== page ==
Cloud & Aerosol Processes: Technical Reference
Flow modeling of the pumped counterflow virtual impactor (PCVI)
This technical reference is intended for users of the pumped counterflow virtual impactor and similar devices (Boulter et al., 2006).
The pumped counterflow virtual impactor (PCVI) is designed to separate large aerosols from an air stream and place them in a separate gas flow. Small aerosols and the original air are exhausted to a pump. So far, the main application has been separating ice crystals from aerosols for laboratory or field measurements. If the flow of added gas is warm and dry then the ice crystals evaporate and the residues are available for analysis (e.g. Cziczo et al., 2003; DeMott et al., 2003; Cziczo et al., 2006; Gallavardin et al., 2008)
Flow modeling of the PCVI was conducted by Mr. Afchine during an extended visit to the Chemical Sciences Division. Software and computer resources were provided by Forschungzentrum Juelich. The PCVI has several characteristics that make the modeling difficult and computer intensive. Flow velocities can be large enough to require compressible flow. The flow geometry is complicated and has large aspect ratios that are a challenge for mesh generation.
Flow modeling was performed in three dimensions using ANSYS CFX version 11. The mesh included approximately 2.5 million nodes. The flow field was calculated by solving the Navier-Stockes equation for a steady state, compressible, and turbulent flow. The Shear Stress Transport (SST) k-w based turbulence model was used, which is more accurate in solving stagnation flow and flow with separation. The flow field was calculated, then particles were injected into the assuming that they have no influence on the flow field because of their low concentration. Particles sizes from 1 to 5 microns were examined. The Schiller-Naumann drag force model was used. Additional forces on the particles are the turbulent dispersion forces in regions where the turbulent viscosity ratio is above the value 5. All particles were lost upon a wall collision with no bounce.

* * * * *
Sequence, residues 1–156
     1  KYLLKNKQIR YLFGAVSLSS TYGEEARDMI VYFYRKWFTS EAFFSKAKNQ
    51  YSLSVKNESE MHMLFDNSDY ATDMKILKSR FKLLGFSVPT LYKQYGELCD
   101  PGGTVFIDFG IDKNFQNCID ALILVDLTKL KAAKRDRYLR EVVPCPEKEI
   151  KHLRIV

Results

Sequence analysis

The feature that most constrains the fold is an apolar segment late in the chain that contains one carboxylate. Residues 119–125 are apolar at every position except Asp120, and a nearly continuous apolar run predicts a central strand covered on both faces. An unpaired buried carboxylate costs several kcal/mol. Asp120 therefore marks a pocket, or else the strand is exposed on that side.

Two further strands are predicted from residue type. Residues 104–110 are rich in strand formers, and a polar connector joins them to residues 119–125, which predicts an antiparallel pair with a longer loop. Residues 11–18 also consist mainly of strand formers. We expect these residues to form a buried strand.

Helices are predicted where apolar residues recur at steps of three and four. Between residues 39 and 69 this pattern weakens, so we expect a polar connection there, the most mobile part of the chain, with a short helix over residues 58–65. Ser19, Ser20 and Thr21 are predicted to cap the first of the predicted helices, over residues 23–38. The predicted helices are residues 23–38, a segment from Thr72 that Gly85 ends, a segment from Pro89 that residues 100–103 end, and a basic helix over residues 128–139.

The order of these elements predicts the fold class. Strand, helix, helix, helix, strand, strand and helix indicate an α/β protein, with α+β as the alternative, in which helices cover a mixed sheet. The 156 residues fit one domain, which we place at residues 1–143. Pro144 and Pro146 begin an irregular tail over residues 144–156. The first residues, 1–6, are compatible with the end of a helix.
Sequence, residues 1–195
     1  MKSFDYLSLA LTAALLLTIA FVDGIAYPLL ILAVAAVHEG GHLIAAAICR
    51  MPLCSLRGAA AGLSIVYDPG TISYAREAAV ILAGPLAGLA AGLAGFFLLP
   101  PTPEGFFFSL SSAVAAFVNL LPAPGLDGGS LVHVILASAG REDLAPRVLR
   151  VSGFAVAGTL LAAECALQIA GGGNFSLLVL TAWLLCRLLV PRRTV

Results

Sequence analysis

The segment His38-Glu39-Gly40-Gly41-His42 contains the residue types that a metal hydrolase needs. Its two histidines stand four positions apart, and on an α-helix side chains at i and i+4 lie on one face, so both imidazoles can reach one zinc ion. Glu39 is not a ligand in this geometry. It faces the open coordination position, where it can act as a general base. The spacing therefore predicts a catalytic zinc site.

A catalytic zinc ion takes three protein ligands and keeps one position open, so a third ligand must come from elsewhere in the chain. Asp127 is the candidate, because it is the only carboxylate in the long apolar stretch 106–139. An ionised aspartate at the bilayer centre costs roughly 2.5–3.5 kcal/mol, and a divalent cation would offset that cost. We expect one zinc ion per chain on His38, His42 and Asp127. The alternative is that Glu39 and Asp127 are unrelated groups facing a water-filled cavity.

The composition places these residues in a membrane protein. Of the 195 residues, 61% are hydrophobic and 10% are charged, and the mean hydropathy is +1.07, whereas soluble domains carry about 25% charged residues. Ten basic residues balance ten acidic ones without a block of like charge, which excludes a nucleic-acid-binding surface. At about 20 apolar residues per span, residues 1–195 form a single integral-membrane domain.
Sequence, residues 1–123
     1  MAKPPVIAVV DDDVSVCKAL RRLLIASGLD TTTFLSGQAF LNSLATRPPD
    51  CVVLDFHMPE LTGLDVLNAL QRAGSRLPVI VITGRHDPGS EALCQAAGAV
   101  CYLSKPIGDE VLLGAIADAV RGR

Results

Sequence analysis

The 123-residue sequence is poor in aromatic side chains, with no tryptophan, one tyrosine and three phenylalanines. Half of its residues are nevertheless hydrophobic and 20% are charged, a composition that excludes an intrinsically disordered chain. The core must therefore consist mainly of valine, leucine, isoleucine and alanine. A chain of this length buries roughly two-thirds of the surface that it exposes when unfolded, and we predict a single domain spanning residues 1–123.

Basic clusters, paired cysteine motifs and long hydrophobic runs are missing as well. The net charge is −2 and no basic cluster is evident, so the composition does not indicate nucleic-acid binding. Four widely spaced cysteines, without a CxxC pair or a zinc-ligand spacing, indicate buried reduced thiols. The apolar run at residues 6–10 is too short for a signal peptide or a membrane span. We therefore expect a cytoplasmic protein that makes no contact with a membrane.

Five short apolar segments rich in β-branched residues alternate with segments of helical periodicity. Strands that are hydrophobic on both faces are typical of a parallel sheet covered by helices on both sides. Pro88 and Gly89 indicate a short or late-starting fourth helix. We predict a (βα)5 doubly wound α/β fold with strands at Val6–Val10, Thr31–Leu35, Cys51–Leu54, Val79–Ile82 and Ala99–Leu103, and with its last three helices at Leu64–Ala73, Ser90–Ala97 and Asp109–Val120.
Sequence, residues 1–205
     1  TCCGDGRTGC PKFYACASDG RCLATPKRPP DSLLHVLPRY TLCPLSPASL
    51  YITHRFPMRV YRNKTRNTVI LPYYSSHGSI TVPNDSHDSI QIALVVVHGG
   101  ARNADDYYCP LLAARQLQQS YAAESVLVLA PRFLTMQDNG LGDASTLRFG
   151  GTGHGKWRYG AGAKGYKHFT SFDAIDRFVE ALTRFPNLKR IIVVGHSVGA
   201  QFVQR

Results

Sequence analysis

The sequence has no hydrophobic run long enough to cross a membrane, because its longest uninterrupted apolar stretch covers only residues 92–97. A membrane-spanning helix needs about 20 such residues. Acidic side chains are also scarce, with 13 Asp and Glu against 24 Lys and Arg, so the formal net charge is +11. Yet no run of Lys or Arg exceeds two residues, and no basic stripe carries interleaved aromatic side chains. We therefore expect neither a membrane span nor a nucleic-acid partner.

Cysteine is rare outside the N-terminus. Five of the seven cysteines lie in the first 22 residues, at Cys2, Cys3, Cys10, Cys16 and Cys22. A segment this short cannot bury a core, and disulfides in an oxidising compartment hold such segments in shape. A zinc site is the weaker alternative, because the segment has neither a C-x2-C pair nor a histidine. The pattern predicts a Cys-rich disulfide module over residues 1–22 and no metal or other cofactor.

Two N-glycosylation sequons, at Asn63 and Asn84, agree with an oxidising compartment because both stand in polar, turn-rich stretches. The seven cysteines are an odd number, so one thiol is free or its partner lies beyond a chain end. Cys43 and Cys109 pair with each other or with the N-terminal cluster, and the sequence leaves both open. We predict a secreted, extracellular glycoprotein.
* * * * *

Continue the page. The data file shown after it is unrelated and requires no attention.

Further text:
Refer to Boulter et al., 2006 for definitions of the termed input, output, pump and add flows as well as details of the flow geometry and experimental tests of the PCVI.
Flow Model Results and Interpretation
Flow modeling was performed for flows of 2.7 and 5.13 standard liters per minute (slpm) at a pressure of 400 mbar and temperature of 298 K. The add flows were 1.2 slpm for both cases and the exhaust flows were 3.6 and 6.84 slpm. These flows represent a fairly low-speed and medium-speed cases with Mach numbers at the tip of the inlet of about 0.25 and 0.55, respectively. A variety of cross sections of various flow parameters are appended to this description. Most results were common to both flow cases. Click to view higher resolution images.
- The flow in the counterflow region (where the flow direction is opposite the direction of both the input and output flows) is well behaved in both cases. The stagnation planes are reasonably flat. These features can be seen in the vector flow plots.
- The cut points were sharp in this modeling, although there was no attempt to determine just how quickly the transmission changed through the cut point. One may compare the 3 and 4 μm particle trajectories for the low flow case and the 2 and 3 μm trajectories for the high flow case. In both cases modeled transmission goes from 0 to 100% within a 1μm increment in diameter. As expected, the cut point decreased with increasing flow. The gas phase separation seems to be very good: when streamlines are labeled on the input flow none of them appear in the output stream, meaning the output is composed only of the added gas to a high approximation.
- Originally there was hope that the device could be operated as a dichotomous sampler: the large particles would go into one flow and the small particles could be sampled from the pump flow. The flow modeling makes clear that this is not possible because particle losses are extremely high in the pump flow. This is especially true just below the cut point. For example, comparing the 1, 2, and 3 μm particle trajectories in the low flow case shows that an increasing fraction of the particles are lost with size until just below the cut point essentially all of the particles are lost within the PCVI. As can be seen from these particle trajectories, flow in the exhaust regions of the PCVI has a strong curvature resulting in losses much as in a cyclone. In addition, flow in the exhaust regions is highly turbulent.